NEWS | Nov. 24, 2015

Sexual Harassment in the Workplace

By TSgt Yoshisha Smith 628 ABW/EO

Sexual harassment in the workplace refers to unwanted sexual advances, requests for sexual favors and other forms of physical or verbal behavior of sexual nature. Such behavior also may have an implicit or explicit effect on a person's employment, interferes with personal performance at work or creates a hostile, offensive or intimidating workplace environment. Sexual harassment is also described as any behavior that is unwelcome, and which could make someone feel humiliated, intimidated or offended.

Sexual harassment can be verbal, physical or written. Workplace sexual harassment takes place at work, work related functions, between people from a similar work environment or between colleagues even outside the workplace.

Sexual harassment can be perpetrated by an immediate supervisor, a supervisor from another department, a co-worker or a customer in the workplace. Harassment can also happen between an employee and the employer or an applicant. Harassment does not necessarily have to be of sexual nature; it also includes making offensive remarks about the sex of a person. In fact, it's illegal to harass a woman by making offensive remarks about women in general.

Sexual harassment in the workplace is against the law. Both the victim and the perpetrator can either be a man or a woman. The victim and the harasser can also be of the same sex. The law does not prohibit simple teasing, isolated cases that are not serious or offhand comments. However, harassment becomes illegal when it happens frequently or leads to an offensive or hostile work environment. The harassment also becomes illegal if it results in critical employment decisions such as the demotion or termination of the victim.

In the United States, Sexual harassment is viewed as sexual discrimination and is a violation of the "Title VII of the Civil Rights Act of 1964." Sexual harassment in the workplace can take place in various circumstances, which include but are not limited to; the victim and the perpetrator being a man or woman, the victim need not be of the opposite sex; the perpetrator may be a supervisor, an employer's agent, a supervisor from another part, a workmate or a non-employee; the victim need not to be the individual harassed, but someone else affected by the offensive action; illegal sexual harassment may take place without causing discharge or economic injury to the victim; the harasser's action must be unwelcome.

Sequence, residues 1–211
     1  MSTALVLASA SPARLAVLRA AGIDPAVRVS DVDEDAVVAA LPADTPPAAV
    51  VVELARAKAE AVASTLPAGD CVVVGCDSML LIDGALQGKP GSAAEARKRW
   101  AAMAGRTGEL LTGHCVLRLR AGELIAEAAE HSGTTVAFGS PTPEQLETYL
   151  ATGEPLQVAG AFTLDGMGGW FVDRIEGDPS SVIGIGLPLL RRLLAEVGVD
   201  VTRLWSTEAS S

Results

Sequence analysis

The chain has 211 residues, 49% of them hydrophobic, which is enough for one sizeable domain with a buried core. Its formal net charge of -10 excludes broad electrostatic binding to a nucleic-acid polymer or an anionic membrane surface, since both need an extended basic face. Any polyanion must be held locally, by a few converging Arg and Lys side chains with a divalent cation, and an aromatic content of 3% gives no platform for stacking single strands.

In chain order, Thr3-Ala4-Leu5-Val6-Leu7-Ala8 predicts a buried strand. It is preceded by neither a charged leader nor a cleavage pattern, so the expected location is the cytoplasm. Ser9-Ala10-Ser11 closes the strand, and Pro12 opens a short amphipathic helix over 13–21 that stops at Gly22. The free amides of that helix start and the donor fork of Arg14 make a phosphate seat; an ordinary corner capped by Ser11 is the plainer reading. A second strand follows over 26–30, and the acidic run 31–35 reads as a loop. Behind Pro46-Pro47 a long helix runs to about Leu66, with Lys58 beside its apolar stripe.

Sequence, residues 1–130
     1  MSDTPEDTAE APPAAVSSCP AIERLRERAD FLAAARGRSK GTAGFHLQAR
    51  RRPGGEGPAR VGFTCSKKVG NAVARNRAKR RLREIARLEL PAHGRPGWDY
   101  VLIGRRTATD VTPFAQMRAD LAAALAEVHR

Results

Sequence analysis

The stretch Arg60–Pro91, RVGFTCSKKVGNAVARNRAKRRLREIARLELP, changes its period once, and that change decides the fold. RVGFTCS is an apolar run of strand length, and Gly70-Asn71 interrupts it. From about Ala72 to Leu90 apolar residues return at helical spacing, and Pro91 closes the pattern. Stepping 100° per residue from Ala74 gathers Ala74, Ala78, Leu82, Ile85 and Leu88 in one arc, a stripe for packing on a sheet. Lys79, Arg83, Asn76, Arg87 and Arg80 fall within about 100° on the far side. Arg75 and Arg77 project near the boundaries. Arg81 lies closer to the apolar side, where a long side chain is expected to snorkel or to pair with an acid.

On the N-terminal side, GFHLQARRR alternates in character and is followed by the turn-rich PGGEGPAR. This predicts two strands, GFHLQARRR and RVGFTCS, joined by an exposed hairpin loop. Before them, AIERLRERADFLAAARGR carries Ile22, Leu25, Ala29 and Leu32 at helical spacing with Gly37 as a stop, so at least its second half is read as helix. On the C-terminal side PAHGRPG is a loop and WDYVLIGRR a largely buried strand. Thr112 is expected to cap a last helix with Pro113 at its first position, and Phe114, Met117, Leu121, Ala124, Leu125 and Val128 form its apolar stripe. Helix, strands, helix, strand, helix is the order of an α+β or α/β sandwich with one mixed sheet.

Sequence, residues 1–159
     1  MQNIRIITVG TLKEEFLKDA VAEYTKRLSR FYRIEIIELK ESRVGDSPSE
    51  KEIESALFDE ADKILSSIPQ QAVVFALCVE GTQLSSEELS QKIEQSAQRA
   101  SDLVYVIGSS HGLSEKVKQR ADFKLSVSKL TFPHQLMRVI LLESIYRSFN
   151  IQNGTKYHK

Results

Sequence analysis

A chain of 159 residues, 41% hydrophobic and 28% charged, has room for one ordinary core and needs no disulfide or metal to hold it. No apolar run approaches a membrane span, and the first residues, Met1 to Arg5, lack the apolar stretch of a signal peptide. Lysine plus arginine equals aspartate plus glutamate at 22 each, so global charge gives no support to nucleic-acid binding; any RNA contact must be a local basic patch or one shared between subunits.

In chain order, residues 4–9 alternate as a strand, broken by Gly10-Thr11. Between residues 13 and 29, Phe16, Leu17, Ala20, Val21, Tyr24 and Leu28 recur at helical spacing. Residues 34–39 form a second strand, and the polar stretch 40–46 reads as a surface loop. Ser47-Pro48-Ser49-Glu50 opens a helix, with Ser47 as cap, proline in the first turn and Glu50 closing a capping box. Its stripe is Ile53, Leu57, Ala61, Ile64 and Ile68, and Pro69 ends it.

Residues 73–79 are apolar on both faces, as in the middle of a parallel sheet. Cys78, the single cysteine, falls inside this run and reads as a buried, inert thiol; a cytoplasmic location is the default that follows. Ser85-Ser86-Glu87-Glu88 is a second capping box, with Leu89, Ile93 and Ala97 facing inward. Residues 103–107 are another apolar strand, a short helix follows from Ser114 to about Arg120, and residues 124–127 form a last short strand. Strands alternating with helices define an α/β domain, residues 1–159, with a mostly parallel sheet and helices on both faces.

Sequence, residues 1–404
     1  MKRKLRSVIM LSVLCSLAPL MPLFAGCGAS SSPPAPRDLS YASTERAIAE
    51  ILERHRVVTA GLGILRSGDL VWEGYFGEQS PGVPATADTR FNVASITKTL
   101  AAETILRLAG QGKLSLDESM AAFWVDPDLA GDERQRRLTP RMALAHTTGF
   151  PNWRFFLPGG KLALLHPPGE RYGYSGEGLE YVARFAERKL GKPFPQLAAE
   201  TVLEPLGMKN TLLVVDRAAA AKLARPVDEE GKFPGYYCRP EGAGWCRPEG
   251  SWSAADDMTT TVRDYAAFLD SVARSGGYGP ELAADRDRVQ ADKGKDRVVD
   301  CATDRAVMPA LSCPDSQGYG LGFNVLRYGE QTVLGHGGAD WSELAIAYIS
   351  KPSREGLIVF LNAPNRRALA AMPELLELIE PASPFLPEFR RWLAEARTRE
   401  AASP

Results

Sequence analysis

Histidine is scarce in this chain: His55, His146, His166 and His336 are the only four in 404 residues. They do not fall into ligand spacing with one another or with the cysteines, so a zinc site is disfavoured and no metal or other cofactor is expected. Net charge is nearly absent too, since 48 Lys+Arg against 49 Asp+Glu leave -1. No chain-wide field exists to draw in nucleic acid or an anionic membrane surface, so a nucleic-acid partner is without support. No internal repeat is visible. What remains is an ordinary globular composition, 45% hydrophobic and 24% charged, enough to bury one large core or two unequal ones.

The Equal Employment Opportunity Commission (EEOC) receives approximately 15,000 cases of workplace sexual harassment annually. Surprisingly, the commission reports harassment complaints by men have more than tripled in recent years. Currently, 11% of the cases involve men filing complaints against female supervisors. A telephone study by Louis Harris and Associates showed that 31% of female workers have experienced workplace harassment while 7% of men reported the same. All women claimed the harasser was a man while 59% of men claimed it was a woman while the others said it was a man. 43% of women said the perpetrator was a supervisor while 27% said it was a senior employee and 19% by a coworker. 8% claimed to have been harassed by a junior colleague. Various studies also indicate about 70% of women and 20% of men have experienced sexual harassment in a workplace.  

If you feel you are of have been the victim of sexual harassment you can utilize direct approach, an indirect approach or a third party approach to confront the harasser as preventive strategies.  You may also report the harassment to your chain of command and, last but not least, utilize EO/EEO resources all as reactive strategies.